A century of presidential soundbites

–Lauren M. Ruhland, 2008 MCPP intern & Science Editor

The 1908 election was marked by a major technological change in the way candidates campaigned– both candidates (Republican William Howard Taft and Democrat William Jennings Bryan) were recorded on phonographs, allowing their speeches to be heard (not just read) by voters around the country.  From ScienceNews:

Whether for profit or prestige, the 1908 campaign was the first in which presidential candidates recorded their own voices for the mass market. “We now have Records by Mr. Bryan and Mr. Taft, so that no matter how the November election may result, we shall have Records by the next President,” an advertisement in the September 1908 Edison Phonograph Monthly exclaimed. “Now, for the first time, one can introduce the rival candidates for the Presidency in one’s own home, can listen to their political views, expressed in their real voices, and make comparisons.”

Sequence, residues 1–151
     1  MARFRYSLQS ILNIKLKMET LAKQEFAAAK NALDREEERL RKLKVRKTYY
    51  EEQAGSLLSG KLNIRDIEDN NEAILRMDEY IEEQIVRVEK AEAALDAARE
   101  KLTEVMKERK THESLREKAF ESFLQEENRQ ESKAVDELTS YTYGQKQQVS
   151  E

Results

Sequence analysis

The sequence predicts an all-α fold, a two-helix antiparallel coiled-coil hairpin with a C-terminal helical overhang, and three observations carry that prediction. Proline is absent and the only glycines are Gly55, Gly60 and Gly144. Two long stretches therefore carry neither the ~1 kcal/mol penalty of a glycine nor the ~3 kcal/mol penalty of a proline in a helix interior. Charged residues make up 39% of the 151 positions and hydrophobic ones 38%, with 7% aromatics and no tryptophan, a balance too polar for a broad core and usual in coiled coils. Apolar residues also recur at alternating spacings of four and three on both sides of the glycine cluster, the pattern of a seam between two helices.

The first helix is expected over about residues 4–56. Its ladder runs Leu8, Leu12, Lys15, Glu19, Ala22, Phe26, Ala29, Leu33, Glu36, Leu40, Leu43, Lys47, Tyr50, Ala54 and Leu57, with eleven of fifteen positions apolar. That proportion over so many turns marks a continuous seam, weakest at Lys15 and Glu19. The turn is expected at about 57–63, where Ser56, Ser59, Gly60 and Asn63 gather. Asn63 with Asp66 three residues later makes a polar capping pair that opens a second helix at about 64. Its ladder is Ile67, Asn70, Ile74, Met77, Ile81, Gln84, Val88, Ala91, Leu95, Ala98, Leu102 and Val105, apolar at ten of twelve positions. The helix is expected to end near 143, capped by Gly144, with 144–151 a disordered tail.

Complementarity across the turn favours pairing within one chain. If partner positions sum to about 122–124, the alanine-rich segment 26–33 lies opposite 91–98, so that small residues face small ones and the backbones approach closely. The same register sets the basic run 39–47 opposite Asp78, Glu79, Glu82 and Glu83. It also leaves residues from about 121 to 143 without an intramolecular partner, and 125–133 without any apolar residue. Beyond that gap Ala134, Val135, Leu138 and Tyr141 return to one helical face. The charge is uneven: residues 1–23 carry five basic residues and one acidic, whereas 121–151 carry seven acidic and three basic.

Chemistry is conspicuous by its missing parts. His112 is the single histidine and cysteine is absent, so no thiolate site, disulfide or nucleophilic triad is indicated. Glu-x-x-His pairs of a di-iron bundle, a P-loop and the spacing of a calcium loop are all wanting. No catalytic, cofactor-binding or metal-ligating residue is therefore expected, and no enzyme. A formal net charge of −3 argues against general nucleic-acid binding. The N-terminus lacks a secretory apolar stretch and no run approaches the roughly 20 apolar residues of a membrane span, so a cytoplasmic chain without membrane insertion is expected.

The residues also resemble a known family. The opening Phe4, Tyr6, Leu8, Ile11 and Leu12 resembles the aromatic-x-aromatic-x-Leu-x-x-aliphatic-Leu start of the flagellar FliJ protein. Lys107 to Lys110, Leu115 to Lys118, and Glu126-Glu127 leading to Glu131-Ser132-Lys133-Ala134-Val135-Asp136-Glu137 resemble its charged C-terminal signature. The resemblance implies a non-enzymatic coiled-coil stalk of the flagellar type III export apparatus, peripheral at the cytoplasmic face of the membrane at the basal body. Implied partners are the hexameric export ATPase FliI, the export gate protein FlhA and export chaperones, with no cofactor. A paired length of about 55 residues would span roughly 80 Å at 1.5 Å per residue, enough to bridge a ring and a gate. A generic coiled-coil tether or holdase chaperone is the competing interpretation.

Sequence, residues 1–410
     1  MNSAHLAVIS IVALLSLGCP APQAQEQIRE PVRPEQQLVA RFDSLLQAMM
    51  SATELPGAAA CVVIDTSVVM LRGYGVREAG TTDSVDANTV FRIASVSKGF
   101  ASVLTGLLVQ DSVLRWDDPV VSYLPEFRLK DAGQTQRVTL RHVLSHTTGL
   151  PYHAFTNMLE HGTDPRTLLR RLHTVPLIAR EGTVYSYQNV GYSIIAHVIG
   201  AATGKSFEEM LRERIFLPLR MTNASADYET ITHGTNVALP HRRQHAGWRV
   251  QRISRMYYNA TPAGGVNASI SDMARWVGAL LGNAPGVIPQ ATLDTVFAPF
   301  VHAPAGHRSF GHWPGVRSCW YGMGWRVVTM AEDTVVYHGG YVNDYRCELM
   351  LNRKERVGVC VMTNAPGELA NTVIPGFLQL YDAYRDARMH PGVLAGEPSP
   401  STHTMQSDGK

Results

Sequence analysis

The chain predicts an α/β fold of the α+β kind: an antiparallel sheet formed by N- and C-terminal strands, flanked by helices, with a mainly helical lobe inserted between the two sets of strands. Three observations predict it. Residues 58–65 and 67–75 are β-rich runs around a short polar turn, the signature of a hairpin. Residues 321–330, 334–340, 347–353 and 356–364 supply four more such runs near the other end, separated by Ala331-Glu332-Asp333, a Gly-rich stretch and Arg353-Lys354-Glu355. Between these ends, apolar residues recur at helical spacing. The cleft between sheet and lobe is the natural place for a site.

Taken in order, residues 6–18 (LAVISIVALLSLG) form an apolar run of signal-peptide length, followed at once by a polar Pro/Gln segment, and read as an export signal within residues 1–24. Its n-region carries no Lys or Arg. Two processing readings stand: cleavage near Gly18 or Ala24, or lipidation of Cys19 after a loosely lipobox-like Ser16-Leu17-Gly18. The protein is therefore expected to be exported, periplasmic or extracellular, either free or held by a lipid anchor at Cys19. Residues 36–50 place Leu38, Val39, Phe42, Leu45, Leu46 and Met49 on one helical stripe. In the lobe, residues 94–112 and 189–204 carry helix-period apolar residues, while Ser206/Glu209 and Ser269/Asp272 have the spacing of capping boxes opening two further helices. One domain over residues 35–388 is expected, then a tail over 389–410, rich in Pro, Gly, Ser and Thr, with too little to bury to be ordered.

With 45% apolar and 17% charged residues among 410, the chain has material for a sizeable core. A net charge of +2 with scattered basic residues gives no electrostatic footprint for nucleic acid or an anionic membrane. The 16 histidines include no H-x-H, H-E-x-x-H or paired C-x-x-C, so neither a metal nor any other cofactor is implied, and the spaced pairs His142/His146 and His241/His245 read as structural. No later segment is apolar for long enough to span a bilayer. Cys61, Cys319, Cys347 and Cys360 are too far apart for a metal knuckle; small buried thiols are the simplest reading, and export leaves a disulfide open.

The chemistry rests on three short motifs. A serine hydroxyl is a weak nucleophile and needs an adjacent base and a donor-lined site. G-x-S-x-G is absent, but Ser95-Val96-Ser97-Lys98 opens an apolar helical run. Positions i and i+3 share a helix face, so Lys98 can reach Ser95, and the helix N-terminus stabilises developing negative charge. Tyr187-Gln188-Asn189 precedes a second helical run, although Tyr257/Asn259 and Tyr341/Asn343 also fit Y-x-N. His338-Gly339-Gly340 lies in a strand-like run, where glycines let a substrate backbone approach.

It sounds fun and exciting in retrospect, but it has me wondering what sorts of media will be used to bring candidates’ messages to their voters in the next century.  Obviously, we’ve already come a long way.


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